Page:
Music Critic Marianne Morgan congratulates The Beths for their delivery of a confident and charming live show after countless setbacks

Written by Marianne Morgan

Finally. After three postponements due to COVID-19 restrictions and band members contracting the virus, The Beths finally played their Birmingham show at the Castle and Falcon. Initially scheduled for April 2021, the New Zealand band took to the stage at the sold-out Moseley venue as a three piece, as lead guitarist Jonathan Pearce had unfortunately contracted COVID-19 while on the American leg of their tour. However, you would not have known they were meant to be a four piece. The rest of The Beths – lead vocalist and guitarist Elizabeth Stokes, drummer Tristan Deck and bassist Benjamin Sinclair – were more than impressive, making up superbly for Pearce’s absence.

The set opened with ‘I’m Not Getting Excited’ and ‘Great No One’, the lead singles from their second and first albums, respectively. Both peppy and springy tracks, energised the crowd for the rest of the band’s set. The Beths’ discography sounds like sunshine, but live they sound darker and grittier, with more bite, more rock than cute indie pop.

The Beths’ discography sounds like sunshine, but live they sound darker and grittier

The electricity of their riffs and hooks is so strong, played at a blistering pace with a more melt your face off energy. This was most evident during an exquisite performance of ‘Not Running’, which Stokes played at a thundering pace.

The band played what Stokes described as a “love song” ‘Jump Rope Gazers’ and the “self-destructive” ‘Uptown Girl’. Two very human tracks full of anguish, hope, self-hatred and being overly self-aware which The Beths capture so well in their music and translate wonderfully in their live performances. They also two new tracks: the catchy and softer ‘When You Know You Know’, and the faster, edgier and heavier ‘Silence Is Golden’, which was endearingly introduced as a song about “when you’re stressed.”


On stage, the band seemed totally at ease which inspired confidence when watching them in the crowd. There were no nerves or trepidation on display as between the three of them they did a four person job. Despite joking about how much they loved the “power trio format”, it begs the question of how good a band The Beths actually are when all together as they should be, as you could not tell they were meant to be performing as a four piece.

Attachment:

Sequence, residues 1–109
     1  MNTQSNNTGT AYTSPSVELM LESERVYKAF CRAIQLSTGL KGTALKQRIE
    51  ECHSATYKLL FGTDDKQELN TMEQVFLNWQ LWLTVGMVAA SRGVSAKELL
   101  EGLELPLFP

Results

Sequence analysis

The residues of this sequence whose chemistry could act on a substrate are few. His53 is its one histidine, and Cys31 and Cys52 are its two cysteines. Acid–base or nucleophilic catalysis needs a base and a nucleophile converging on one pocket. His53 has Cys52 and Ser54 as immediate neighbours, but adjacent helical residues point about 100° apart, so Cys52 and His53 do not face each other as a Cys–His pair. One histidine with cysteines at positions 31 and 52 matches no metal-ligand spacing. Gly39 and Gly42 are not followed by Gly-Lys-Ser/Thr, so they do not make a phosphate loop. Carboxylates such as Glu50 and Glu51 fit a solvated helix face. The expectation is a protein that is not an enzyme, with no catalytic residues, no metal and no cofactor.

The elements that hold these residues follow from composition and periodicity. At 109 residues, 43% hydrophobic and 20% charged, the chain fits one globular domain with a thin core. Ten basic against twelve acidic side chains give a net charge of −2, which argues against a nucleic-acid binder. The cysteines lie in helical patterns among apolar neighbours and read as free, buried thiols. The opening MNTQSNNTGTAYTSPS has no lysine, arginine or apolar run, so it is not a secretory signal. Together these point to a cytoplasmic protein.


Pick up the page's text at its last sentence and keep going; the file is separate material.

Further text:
There were no nerves or trepidation on display as between the three of them they did a four person job

The band broke up their set with a bit of a bantering with the audience, something that can sometimes be annoying, sometimes forced. It can impede the good stuff, the stuff you paid to see, but with The Beths it was cute, charming and just as entertaining. The trio congratulated Birmingham on being the birthplace of heavy metal, which segued nicely as an introduction for “heavy metal song” ‘Whatever’ – a song that saw a beautiful bit of audience sing along, a moment where the connection between the band and the crowd was so strong, so unified; it was simply perfect. Stokes even admitted that she “should have prepared more jokes.”

There was also a sense of gratitude. The trio were clearly grateful they were finally playing the show and that everyone had kept their tickets throughout the multiple postponements. This humble and endearing quality of The Beths is one of their strengths and meant their music was the only focus of the night.

The set closed with a rapturous rendition of ‘Future Me Hates Me’. Stokes returned for a solo encore, delivering a delicately tender performance of ‘A Beam of Light’, in which she had the full command of the room, the crowd totally entranced by her vocals and captivated by the emotional vulnerability of the song. The band then re-joined her on stage for a final song, ‘A Little Death’.

The set closed with a rapturous rendition of ‘Future Me Hates Me’

Personally, I can’t stand sets longer than an hour. I think they begin to feel heavy and tiresome and you find yourself beginning to long for it to be over. The trio played for over an hour, something much to my delight. The show was a pleasure and I spent the entire time wishing for it to go on the entire night. It was just a privilege to be in attendance and to see a band do what they love, what they are good at, to a room full of people who absolutely love what they do. That is the least to ask for at a gig.

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